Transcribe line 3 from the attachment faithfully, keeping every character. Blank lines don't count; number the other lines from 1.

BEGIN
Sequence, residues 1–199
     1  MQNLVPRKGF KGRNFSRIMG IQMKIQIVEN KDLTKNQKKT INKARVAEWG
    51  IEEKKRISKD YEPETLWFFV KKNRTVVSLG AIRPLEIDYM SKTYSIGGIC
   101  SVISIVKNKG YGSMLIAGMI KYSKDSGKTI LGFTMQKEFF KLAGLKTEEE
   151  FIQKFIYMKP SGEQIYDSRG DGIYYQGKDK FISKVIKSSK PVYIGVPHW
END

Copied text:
    51  IEEKKRISKD YEPETLWFFV KKNRTVVSLG AIRPLEIDYM SKTYSIGGIC